Antioch University Los Angeles MA in Education with Teaching Credentials alumna Stacey Harding, received the Outstanding Teacher Award by the Culver City High School PTA. Harding is a Spanish teacher and has been working in the Culver City school district since 2011.
How did your time at Antioch shape the way you teach?
Although I knew at the time that I wanted to be a high school teacher, I went through the Multiple Subject Credentialing Program and then completed my Master’s in Education at Antioch. I often tell people that I think the skills taught in Kindergarten, 6th grade, and 9th grade are essentially the same; we teach our students how to “do” school and be a decent human. I think that student teaching in Kindergarten and 4th grade helped me focus on the minute to minute behavioral skills that I would have not otherwise thought about. Something Antioch really focused on was treating each student as an individual and making the effort to get to know them in order to best approach their learning style. In my ten years as a teacher, I can honestly say that the best teaching strategy is to genuinely care about them and show it. The kids know when you don’t and will mentally check out, and conversely will work hard for someone who does.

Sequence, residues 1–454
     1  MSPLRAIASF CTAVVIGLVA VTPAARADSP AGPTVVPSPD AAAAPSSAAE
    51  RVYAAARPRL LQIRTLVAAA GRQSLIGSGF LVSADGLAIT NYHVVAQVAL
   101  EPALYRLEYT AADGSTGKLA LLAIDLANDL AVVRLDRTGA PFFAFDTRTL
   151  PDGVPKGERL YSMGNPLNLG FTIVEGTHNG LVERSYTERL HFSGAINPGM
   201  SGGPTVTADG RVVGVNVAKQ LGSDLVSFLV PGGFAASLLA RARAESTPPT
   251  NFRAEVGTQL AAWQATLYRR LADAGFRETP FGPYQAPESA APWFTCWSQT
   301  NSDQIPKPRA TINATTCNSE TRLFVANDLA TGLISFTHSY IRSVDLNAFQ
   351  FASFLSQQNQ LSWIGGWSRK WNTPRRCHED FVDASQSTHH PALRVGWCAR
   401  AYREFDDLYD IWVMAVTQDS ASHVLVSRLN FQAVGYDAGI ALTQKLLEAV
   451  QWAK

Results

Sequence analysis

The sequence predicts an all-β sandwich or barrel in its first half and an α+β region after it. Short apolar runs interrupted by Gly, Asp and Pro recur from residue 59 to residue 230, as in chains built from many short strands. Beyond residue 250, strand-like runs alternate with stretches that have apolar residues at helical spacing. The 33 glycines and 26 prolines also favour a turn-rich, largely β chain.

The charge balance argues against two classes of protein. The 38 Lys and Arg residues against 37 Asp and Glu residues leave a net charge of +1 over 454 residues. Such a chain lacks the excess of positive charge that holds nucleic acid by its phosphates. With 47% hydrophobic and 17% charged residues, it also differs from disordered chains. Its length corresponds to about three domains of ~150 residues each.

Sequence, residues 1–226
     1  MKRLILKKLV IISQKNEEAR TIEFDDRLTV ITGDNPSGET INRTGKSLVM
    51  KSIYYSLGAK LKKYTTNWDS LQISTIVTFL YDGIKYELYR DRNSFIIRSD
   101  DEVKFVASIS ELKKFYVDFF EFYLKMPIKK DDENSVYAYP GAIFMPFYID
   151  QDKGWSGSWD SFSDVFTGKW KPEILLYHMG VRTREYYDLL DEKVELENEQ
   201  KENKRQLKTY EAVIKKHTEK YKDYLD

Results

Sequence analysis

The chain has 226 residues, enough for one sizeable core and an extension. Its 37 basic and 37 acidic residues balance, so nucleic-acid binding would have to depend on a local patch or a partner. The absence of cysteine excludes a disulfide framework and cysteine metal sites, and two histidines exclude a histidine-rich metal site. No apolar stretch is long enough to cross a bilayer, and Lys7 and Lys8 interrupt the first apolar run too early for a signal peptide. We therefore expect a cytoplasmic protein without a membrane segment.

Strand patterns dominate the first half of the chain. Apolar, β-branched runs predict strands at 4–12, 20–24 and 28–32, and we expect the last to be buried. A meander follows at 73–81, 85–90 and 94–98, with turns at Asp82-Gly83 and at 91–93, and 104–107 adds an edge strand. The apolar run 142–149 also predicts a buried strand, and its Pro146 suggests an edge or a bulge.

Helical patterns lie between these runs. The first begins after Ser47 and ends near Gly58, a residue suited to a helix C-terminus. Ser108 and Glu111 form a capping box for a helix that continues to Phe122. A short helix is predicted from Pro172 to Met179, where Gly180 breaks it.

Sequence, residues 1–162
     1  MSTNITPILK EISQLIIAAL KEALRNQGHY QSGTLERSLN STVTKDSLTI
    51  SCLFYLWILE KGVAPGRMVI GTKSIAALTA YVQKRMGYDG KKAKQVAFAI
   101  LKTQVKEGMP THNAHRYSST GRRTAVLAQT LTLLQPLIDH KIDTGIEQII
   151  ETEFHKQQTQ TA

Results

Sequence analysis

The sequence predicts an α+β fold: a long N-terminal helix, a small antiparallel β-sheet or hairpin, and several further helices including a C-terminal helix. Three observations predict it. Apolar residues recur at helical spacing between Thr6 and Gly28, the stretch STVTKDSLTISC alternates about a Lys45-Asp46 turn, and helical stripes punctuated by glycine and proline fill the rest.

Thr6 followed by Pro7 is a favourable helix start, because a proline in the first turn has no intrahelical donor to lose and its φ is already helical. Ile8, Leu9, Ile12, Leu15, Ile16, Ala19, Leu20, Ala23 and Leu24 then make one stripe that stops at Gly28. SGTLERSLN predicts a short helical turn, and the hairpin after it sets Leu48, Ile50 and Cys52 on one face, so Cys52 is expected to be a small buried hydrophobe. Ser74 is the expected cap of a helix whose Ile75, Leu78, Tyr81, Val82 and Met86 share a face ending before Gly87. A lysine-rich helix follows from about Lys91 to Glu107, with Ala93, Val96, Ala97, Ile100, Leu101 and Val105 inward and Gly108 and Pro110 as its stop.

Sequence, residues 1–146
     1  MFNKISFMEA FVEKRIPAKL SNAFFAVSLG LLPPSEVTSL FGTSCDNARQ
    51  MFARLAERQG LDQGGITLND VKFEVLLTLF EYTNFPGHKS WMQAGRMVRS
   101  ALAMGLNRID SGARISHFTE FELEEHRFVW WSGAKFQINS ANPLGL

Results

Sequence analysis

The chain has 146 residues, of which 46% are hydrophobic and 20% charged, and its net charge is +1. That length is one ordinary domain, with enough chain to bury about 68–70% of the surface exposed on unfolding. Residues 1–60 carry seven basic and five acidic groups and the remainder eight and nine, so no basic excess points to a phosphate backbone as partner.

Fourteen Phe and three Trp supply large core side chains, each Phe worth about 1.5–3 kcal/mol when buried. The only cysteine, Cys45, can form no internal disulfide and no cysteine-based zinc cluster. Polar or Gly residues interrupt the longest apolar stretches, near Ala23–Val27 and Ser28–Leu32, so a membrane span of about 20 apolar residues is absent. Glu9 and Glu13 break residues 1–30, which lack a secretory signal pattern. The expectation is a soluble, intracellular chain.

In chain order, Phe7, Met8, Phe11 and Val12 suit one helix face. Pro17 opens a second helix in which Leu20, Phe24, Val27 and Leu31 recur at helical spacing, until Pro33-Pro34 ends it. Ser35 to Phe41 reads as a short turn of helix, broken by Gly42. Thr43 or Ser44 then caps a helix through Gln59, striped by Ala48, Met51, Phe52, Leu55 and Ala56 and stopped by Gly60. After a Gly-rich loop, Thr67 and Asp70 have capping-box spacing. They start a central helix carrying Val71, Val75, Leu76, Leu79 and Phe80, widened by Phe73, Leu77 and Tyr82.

What inspires you about teaching?
What inspires me the most about teaching is the energy I get from my students. Even though teenagers are known to be apathetic, they are also extremely passionate when inspired. Working with this type of enthusiasm inevitably makes me excited about teaching and learning and makes me optimistic about the future in general.
What is the Outstanding Teacher Award and how did it feel to be chosen?
The Outstanding Teacher Award by the PTSA was given to three teachers at the high school (out of 100) who have extended themselves in order to better the school and the community. I was chosen due to my positive relationships with students and spending extra time outside of class hours. This particular award meant a lot to me as I was nominated by my students and their parents. With teenagers, sometimes it is hard to see beyond their blank stares and eye rolls, but we often have a bigger impact than they are willing to communicate.